What President Bush has led us to do in Iraq – and quite successfully so far, although the really hard parts are yet to come – is not about conserving the status quo. It’s about blowing it up. It’s about being open to new possibilities. It’s about promoting liberal democracy in a region that has not known it. It is the greatest liberal policy adventure since the days of John F. Kennedy.

I’m far from the only one who thinks so. “In word if not yet in deed, Bush is becoming the most Wilsonian president since Wilson himself,” wrote Lawrence Kaplan in the March 3 edition of The New Republic. “He, more than his left-leaning critics, is harnessing American power to liberal ends.”

In an editorial headlined “The Liberal Power” in that same edition, the “liberal” magazine’s editors rejected the famous dictum of Lord Acton, asserting that “power may also ennoble, when it is employed for good and high ends. The notion that American power has never been so employed and can never be so employed is a sinister lie, and a counsel of despair to the hurting regions of the world.”

The editors continued, “There are terrors of which only American power can rid the world, and blessings that only American power can secure for the world.”

I couldn’t agree more. So does that make me a liberal? Sure. Just like George W. Bush, Ronald Reagan, Harry Truman, “Scoop” Jackson, Paul Wolfowitz and all the rest of those wild-eyed leftists.

From the other end of the spectrum, the April 7 issue of National Review frets about the “Unpatriotic Conservatives” who not only oppose the war in Iraq, but have even recently taken distinctly anti-American (and, not coincidentally, anti-Israeli) positions. Essayist David Frum dismisses “paleoconservatives” such as Pat Buchanan, Robert Novak and Jospeh Sobran as not representing the conservative mainstream. Nevertheless, wouldn’t it be conservative to avoid this risky undertaking in the Mideast? Not right, but conservative. As in “prudent,” a la the first President Bush.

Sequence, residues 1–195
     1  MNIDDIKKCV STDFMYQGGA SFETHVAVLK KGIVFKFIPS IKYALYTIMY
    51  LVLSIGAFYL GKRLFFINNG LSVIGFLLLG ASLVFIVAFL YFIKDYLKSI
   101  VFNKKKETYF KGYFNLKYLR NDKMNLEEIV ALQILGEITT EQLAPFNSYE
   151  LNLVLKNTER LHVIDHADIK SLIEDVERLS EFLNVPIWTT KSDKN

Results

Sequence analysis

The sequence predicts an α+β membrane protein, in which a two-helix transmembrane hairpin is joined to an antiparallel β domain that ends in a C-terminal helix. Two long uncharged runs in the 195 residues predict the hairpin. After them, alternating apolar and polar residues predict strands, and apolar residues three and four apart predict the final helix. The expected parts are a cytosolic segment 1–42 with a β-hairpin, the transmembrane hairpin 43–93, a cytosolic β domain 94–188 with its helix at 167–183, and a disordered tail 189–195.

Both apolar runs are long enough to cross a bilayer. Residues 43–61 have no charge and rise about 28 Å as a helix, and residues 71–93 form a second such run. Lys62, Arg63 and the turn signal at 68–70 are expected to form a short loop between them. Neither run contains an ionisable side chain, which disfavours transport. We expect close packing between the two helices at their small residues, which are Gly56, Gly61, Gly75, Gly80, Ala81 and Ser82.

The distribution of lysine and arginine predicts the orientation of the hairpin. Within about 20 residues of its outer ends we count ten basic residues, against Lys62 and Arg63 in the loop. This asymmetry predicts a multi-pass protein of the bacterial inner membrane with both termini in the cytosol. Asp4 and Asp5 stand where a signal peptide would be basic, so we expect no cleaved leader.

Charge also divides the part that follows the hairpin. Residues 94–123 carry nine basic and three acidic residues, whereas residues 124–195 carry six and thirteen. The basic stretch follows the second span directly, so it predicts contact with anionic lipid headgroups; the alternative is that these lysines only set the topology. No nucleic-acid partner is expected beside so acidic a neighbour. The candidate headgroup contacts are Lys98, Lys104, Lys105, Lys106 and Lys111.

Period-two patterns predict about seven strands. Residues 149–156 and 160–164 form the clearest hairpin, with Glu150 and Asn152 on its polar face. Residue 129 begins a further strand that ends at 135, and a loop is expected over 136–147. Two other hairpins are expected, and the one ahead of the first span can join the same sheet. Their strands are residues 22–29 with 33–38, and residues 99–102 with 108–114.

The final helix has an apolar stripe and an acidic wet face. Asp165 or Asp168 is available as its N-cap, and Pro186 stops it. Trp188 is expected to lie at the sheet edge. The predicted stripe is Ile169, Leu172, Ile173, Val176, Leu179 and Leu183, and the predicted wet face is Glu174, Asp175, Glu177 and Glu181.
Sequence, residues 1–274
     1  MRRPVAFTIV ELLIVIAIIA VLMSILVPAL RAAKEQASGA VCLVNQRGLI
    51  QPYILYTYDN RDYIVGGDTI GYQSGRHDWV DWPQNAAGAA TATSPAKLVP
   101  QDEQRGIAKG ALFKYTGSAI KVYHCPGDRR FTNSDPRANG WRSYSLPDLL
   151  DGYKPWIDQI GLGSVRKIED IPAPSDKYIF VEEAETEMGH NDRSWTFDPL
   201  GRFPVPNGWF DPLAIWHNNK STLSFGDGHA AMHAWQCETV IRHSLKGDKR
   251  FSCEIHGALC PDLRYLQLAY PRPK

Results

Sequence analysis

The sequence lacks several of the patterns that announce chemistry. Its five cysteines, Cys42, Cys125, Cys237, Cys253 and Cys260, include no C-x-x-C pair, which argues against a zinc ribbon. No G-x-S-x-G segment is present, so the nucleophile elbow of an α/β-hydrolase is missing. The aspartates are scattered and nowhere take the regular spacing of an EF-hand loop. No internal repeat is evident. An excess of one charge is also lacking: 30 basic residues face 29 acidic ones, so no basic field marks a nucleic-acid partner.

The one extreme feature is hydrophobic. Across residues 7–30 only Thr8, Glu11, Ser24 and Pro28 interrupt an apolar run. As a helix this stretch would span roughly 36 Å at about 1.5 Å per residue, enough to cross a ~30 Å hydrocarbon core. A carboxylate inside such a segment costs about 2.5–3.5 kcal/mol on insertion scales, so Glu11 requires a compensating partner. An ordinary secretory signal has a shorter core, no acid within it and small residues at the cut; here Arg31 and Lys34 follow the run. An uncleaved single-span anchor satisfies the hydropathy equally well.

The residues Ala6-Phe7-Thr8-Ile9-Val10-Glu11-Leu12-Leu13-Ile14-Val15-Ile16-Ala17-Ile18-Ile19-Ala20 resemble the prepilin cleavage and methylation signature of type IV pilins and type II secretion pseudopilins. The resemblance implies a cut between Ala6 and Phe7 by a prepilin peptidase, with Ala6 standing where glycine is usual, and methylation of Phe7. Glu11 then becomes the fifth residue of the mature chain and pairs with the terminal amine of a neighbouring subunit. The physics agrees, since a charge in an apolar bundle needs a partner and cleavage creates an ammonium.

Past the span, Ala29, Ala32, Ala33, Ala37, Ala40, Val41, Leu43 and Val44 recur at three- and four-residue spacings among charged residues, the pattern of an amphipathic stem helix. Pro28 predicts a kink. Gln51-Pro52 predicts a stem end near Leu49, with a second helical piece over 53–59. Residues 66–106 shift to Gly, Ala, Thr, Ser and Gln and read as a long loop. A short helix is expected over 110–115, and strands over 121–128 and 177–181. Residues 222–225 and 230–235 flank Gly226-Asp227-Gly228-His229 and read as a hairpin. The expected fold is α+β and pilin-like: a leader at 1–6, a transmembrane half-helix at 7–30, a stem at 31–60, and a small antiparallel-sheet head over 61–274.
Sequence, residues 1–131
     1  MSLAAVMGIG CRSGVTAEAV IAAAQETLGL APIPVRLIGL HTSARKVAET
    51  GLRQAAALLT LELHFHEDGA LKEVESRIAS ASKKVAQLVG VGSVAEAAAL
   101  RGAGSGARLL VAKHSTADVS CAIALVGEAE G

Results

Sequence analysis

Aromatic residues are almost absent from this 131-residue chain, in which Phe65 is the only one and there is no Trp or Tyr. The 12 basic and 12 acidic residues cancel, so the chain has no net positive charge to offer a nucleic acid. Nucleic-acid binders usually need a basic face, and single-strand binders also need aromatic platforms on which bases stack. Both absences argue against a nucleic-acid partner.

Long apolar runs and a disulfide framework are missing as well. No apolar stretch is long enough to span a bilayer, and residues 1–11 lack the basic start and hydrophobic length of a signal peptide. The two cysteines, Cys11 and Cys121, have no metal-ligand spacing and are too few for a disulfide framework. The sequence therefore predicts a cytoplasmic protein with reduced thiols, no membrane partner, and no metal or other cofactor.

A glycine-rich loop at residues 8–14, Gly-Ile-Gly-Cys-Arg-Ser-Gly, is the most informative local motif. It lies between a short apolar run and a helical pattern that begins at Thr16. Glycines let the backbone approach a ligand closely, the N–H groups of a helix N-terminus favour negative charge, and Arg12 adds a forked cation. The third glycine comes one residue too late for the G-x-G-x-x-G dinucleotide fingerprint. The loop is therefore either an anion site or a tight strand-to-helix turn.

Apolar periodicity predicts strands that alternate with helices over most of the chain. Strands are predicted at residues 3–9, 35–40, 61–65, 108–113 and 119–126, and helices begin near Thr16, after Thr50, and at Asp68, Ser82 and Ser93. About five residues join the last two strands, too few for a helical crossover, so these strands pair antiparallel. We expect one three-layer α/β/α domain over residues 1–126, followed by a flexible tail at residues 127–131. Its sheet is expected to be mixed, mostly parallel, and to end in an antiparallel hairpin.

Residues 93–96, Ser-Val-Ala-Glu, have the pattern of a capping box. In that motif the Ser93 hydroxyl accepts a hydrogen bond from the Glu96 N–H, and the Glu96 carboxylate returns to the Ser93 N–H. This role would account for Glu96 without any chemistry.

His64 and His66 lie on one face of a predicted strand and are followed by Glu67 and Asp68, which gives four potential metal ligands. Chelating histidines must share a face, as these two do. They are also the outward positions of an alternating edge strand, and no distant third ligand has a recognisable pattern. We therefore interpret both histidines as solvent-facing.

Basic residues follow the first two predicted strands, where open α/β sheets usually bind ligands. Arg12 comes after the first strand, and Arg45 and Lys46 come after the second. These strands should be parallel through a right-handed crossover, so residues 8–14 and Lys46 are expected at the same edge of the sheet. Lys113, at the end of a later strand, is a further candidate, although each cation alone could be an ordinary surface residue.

Of course, it doesn’t matter what you call the likes of Messrs. Novak and Buchanan, as long as you muster the good sense to reject what they are saying.

My point is, this isn’t about liberal and conservative. This is about America doing the right thing in the world.

Left, right; left, right: You can’t tell one from the other as America marches relentlessly down a promising, and intellectually unchallenged, new path.

One thought on “A post-mortem on containment doctrine, from 2003

  1. bud

    Which means, the post-war occupation ran into huge problems with multilateral post-war violence, nearly sinking the entire effort in failure (before the Surge).

    Not sure what the point of bringing up this old, worn-out cannard is now. Apparently we really are getting out by Dec 31 so in a few months or years we can look back and assess the whole thing and not just fawn over the success of the surge. But until the folks who consider these foreign adventures honestly acknowledge the entire cost of these mis-adventures, rather than talk in generalities and ignore whole categories of costs, we will never learn the proper lessons. Simply put, America cannot wage wars abroad against enemies that pose us no harm (Vietnam, Iraq) without getting out eventually with nothing of value to show for it. I just hope that the next time someone suggests it’s a good idea to send the troops in we reflect honestly about the costs that are likely to occur and not just the minimal costs the war-mongers claim they will be.